The DH-4 Liberty Plane at War and in Peace

Historic photograph of a Liberty plane
This photograph of a Liberty plane comes from a book given to Spruce Production Division soldiers at the end of World War I. The book is now part of the Fort Vancouver National Historic Site museum collection.

NPS Photo

The DH-4 Liberty has the unique distinction of being the only American-built airplane to be flown into combat in World War I by American crews. This bomber, designed by famed British aviation engineer Geoffrey DeHavilland, first flew into combat with the British Royal Flying Corps in early 1917. When the United States joined the war in April of that year, an example was sent to the United States to determine if it was suitable for American production.

The American Aircraft Production Board approved the design for construction in July 1917, pairing it with an American-designed V-12 "Liberty" engine. Because of this, American DH-4 planes were known as "Liberty planes." Thanks to an incredibly fast production schedule, the first Liberty plane rolled out of an American factory on October 29, 1917.

The DH-4 biplane was a wood frame covered with fabric. Spruce was preferred for manufacturing airplanes because it was both strong and light. The need for dependable supplies of spruce drove the formation of the U.S. Army's Spruce Production Division, headquartered at Vancouver Barracks at today's Fort Vancouver National Historic Site. The nearly 30,000 soldiers of this division operated lumber camps, railroads, and three large mills (the largest of which was at Vancouver Barracks), to specifically cut Sitka spruce for aircraft production in the U.S., as well as in Great Britain, France, and Italy.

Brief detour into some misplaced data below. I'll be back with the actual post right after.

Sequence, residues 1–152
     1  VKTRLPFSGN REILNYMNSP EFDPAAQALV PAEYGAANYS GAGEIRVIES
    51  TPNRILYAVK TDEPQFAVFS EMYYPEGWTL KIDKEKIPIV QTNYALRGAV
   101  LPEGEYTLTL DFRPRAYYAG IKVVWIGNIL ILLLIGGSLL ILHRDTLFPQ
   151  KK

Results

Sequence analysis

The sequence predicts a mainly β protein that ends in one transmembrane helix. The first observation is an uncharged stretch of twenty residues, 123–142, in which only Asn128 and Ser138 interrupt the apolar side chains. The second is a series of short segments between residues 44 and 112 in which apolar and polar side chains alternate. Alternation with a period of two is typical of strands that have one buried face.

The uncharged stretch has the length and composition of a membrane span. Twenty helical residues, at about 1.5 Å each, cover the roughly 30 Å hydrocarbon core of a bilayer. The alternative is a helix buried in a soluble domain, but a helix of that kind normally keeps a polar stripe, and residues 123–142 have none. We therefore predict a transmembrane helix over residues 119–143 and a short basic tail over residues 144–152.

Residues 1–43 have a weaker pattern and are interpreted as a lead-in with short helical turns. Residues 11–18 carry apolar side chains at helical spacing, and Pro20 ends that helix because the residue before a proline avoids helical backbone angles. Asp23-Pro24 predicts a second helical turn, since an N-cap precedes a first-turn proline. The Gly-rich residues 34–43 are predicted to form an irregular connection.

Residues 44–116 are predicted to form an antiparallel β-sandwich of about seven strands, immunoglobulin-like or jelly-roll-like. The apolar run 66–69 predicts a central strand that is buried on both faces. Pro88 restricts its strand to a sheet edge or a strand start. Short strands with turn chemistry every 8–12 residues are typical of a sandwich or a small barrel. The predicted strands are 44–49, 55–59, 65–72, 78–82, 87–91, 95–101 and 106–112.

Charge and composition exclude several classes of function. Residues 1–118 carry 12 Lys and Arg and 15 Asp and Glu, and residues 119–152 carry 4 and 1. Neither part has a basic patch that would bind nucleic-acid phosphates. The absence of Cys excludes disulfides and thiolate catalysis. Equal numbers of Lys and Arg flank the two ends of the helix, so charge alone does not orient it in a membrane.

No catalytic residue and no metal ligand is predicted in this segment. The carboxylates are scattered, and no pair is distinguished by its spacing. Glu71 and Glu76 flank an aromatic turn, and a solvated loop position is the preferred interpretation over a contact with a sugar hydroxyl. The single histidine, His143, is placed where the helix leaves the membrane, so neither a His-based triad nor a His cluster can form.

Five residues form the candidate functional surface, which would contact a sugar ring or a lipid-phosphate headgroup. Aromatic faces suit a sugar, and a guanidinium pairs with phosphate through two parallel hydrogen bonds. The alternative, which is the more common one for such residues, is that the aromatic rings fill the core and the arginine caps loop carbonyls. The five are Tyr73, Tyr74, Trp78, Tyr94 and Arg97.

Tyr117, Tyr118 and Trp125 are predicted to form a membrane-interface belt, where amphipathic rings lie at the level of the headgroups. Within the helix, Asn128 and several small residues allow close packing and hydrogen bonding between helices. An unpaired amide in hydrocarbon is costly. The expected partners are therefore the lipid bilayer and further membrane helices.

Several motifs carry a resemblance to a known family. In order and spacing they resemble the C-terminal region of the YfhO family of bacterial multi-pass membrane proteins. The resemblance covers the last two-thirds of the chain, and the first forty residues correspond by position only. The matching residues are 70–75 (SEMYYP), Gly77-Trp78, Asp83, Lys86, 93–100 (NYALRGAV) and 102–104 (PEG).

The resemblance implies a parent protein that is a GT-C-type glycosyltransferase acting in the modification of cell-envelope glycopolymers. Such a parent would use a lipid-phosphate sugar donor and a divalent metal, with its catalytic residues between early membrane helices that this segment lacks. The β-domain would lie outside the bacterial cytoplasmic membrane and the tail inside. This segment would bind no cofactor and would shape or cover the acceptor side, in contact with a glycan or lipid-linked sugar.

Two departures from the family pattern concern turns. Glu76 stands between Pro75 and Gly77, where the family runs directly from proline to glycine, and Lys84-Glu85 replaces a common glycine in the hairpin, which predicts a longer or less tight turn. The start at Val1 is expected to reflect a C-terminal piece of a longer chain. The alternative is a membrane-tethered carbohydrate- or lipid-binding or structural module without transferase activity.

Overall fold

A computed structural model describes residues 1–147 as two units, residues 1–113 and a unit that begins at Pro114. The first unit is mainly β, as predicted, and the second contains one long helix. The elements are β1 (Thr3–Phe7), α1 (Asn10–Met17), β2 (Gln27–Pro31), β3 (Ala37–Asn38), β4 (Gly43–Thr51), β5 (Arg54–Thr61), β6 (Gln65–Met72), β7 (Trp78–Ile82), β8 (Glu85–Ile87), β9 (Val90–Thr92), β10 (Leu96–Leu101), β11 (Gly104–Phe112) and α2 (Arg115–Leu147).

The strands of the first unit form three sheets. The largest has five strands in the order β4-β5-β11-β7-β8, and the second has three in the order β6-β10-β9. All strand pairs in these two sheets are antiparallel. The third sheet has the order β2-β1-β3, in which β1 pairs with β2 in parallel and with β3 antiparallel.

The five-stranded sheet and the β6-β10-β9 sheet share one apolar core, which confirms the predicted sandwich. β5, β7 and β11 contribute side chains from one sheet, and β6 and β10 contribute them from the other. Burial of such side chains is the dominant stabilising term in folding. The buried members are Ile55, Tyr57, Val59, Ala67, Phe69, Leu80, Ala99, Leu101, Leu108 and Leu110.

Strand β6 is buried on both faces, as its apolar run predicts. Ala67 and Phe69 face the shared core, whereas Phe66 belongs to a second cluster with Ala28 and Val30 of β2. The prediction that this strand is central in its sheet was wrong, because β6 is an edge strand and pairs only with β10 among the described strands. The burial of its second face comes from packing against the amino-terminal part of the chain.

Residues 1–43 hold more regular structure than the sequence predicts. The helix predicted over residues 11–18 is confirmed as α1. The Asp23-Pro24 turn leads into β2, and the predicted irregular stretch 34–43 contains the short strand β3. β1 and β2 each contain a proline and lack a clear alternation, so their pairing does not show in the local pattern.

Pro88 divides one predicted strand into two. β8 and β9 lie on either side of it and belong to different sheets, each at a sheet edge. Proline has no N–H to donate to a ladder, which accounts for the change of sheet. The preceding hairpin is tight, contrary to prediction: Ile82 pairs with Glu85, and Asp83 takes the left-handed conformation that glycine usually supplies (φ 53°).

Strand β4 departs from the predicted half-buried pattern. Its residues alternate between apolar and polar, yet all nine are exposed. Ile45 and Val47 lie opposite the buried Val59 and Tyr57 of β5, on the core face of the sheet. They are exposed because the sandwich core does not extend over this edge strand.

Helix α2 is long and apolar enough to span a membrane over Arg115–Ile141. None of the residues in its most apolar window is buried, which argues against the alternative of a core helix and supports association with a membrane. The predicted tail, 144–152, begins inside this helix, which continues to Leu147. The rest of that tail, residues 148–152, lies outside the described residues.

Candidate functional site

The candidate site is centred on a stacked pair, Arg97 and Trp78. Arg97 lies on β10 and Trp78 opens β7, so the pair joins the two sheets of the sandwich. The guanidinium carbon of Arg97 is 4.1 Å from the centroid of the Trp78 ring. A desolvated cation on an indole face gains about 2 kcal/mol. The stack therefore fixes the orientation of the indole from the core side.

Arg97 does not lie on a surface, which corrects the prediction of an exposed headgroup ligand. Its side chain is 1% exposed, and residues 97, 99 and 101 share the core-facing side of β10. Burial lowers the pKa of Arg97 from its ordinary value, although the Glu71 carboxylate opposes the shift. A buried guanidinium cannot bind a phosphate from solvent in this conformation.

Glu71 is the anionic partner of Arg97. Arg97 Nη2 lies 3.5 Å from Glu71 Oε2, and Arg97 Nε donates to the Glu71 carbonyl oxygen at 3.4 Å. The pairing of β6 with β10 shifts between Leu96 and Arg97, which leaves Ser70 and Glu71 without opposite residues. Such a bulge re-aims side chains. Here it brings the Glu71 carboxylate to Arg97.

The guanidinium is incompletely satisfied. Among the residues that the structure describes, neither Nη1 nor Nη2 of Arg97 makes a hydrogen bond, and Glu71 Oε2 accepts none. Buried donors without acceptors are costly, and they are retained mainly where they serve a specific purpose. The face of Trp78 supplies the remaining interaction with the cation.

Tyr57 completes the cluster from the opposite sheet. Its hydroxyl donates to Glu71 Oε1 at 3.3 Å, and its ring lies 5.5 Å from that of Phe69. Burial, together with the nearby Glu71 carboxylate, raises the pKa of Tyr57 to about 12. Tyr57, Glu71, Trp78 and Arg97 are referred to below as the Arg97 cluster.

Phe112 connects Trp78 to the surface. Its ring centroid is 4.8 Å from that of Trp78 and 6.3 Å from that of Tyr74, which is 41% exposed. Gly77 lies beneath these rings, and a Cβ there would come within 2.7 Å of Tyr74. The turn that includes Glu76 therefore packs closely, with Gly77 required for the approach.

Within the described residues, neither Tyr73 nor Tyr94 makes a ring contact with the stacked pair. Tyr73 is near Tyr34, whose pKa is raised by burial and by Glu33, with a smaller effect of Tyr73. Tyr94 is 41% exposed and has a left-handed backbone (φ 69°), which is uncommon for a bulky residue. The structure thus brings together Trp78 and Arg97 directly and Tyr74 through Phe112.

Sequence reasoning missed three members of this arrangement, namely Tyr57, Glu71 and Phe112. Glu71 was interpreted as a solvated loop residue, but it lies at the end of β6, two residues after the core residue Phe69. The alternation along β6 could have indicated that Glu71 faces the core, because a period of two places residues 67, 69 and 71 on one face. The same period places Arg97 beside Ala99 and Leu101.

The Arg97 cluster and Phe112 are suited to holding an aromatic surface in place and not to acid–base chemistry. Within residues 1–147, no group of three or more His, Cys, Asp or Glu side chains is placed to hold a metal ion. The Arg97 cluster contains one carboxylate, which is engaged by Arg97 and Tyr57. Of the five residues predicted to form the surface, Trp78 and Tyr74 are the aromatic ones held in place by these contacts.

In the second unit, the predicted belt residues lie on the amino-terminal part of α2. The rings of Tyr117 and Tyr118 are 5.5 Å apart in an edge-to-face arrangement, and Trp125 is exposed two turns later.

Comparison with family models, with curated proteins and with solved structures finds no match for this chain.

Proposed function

Photo of Vancouver Barracks Spruce Mill
Built in 1917, the Spruce Mill at Vancouver Barracks was the largest of its kind in the world, and was responsible for the production of millions of board feet of lumber specifically for aircraft production.

NPS Photo

After training crews flew them in the United States, the first DH-4 Liberty planes were delivered to France on May 11, 1918. The aircraft served with distinction in the fall of 1918 during the Meuse-Argonne campaign, conducting both strategic and tactical bombing raids on German targets. By the end of the war on November 11, 1918, a total of 1,213 Liberty planes had been delivered overseas for the war effort. Between October 1917 and the war's end, 4,846 total Liberty planes had been constructed in the United States - an incredible figure in just over a year's time. After the Armistice, they became the basis of the Army Air Service's fleet of combat-ready aircraft.

The historic link between the DH-4 and Vancouver Barracks continued after the war. In 1921, the 321st Observation Squadron was formed at the post, and these pilots used DH-4 Liberty planes until 1931. On permanent exhibit at the national park's Pearson Air Museum is one of only 12 surviving American-built DH-4 Liberty planes, painted to resemble one of the 321st Observation Squadron's aircraft as it appeared around 1925.
Photo of DH-4 Liberty plane at Pearson Air Museum
The DH-4 Liberty plane now on exhibit at Pearson Air Museum at Fort Vancouver National Historic Site is one of only a handful like it in the world.

NPS Photo